http://www.overclock.net/t/1601329/gtx-1070-1080-titan-x-2nd-gen-bios-who-has-it/590#post_25421208

And while we still see an advantage to a better PCB and cooling than offered on the reference cards, we are not seeing the benefit from the Classified, Matrix, Lightning, HOF series cards that we saw years ago. With "Project Greenlight" back in 2012 (see link below), nVidia started clamping down with each series as far as what we can do voltage wise. Unless the card comes with a higher voltage adjustment limit and / or a binned GPU, you are not going to get more performance. Of course performance / stability can vary depending on how lucky you are in the silicon lottery. However, if thermal throttling kicks in at 82C, cooling your GPU down from the air cooled 74C .... to 50C with a CLC .... or 35C with a custom loop isn't going to get more performance.

http://www.guru3d.com/news-story/nvidia-green-light-program-requires-board-partners-to-validate-their-designs.html
http://www.hardwareasylum.com/reviews/video/evga_gtx1080_classified/page14.aspx

As it says in the 2nd link .... AIB partners have "lost the battle" with nVidia. They go thru the history of what was able to be accomplished overclocking wise with regard to OC'ing with the Classy but note that card makers are now so limited with regard with what they can do with a card to increase performance, both legally and physically, that there is little that partners can do.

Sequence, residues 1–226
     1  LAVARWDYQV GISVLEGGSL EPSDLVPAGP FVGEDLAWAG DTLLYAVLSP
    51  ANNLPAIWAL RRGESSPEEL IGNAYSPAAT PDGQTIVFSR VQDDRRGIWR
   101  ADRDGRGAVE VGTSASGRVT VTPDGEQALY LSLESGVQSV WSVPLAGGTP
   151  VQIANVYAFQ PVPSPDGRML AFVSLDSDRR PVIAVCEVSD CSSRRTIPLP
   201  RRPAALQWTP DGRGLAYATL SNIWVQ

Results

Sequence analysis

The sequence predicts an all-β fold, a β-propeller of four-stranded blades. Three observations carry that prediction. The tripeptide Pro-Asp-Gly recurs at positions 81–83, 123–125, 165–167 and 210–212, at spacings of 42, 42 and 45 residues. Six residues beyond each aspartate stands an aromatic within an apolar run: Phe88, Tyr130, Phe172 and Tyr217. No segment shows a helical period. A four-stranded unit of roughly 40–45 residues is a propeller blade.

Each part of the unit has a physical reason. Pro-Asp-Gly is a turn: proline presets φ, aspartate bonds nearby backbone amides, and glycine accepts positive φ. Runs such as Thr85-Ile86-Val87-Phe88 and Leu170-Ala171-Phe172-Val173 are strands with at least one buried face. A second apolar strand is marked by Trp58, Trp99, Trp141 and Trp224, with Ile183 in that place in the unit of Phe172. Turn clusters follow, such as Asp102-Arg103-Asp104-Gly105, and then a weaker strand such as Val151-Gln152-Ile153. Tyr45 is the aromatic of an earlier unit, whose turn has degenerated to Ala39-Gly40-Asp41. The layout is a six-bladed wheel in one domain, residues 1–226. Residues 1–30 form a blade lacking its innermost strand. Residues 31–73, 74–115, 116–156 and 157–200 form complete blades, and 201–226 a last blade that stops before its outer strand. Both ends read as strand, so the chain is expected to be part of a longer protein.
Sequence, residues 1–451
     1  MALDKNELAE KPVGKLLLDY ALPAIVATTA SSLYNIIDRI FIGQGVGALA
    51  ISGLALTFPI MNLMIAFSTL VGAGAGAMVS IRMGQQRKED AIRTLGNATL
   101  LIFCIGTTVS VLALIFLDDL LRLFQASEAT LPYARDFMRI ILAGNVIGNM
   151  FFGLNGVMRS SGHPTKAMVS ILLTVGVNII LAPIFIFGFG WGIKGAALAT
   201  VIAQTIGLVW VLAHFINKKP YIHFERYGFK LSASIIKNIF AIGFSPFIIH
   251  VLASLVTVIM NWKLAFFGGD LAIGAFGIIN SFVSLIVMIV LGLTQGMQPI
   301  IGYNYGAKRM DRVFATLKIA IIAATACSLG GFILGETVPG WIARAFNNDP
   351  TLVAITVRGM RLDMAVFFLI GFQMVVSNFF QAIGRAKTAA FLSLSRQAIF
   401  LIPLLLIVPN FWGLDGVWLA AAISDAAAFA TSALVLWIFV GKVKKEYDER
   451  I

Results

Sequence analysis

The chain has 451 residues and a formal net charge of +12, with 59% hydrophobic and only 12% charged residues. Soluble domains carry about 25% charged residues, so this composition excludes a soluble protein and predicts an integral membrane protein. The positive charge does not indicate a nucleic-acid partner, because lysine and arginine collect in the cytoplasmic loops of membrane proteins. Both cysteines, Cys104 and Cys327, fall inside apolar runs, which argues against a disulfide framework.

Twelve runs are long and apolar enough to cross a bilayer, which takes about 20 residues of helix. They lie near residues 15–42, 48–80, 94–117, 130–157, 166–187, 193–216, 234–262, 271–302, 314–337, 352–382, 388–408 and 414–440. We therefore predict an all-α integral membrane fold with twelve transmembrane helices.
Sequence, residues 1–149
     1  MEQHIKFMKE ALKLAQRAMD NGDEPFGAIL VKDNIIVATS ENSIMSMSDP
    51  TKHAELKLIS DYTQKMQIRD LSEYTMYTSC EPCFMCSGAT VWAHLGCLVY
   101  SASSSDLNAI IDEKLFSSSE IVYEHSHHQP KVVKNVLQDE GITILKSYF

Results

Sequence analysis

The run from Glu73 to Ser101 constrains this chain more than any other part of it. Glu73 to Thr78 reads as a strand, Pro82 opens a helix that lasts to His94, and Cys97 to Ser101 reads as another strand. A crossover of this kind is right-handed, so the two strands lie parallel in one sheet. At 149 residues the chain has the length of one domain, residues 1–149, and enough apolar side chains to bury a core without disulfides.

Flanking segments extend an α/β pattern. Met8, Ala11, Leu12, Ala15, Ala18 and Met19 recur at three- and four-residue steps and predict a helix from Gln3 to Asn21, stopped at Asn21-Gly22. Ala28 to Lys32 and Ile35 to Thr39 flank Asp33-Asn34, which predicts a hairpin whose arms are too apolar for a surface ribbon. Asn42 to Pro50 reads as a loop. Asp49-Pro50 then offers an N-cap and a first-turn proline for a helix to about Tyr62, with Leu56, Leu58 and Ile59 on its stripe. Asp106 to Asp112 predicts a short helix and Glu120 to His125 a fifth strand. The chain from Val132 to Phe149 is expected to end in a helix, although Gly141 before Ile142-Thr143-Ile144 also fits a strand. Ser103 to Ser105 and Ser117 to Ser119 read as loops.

Yes, nVidia lets the partners differentiate themselves by releasing reference cards that throttle out of the box and then AIB guys can push there "look at me, we don't throttle" cards ... but with each generation, these gains get smaller. And the way boost works, you can still get fairly decent average fps numbers, even tho the card is stuttering and min fps on the AIBs will be 15% higher. However, most buyers don't look behind the average fps rankings. On the super cards (Matrix, Classy, Lightning, etc), we see higher base clocks.... but manually OC a decent AIB cards and it runs neck and neck with the 10xx series super cards.

Spending the extra $10-20 for an AIB card is, to my eyes, certainly worth it for the better cooling (not just GPU but also memory and VRM), lack of throttling and stronger componentry ... but spending an extra $100 for a Classy or water cooling just isn't bringing a worthwhile ROI .... if higher fps is the measuring stick. Of course if you want a dead silent box on your desk, a custom loop will satisfy that goal and I can't argue against that if user is big on quiet.

I still do it (custom loops, not CLCs) for my own builds (and for those that request it for similar reasons ) as a well designed custom loop will reduce noise significantly, but water cooling will not help a card that is not throttling (i.e. 82C on 1070 / 1080).... and most AIB cards are not throttling on air:

Orange Line - Air cooled Reference Card, throttling evident, lots of stuttering and drops in GPU frequency (low - 1680)
Blue Line - Air cooled AIB card (MSI 1080 Gaming X) no stuttering, GPU frequency a rock solid 1910


If image not showing look here
http://videocardz.com/60838/msi-geforce-gtx-1080-gaming-x-is-much-better-than-founders-edition

We can see why, looking at the temps ... 1st graph is for the same AIB in the throttling graphic where card reached 74C at max OC.... 8C of headroom before throttling will occur at default fan speed. In the 2nd graph for the reference card, the card is already throttling even without being OC'd.





Both new Hybrid cards are fed with two 8-pin (or 6+2-pin) connectors and feature a TDP of 215W.
Another upgrade that doesn't really bring anything to the table.

PCI-E Slot (75) + 8 pin (150) provides 225 watts ...
PCI-E Slot (75) + 8 pin (150) + 6 pin (75) provides 300 watts ...

The extra 75 watts from the 2nd 8 pin is NOT bringing anything to the table.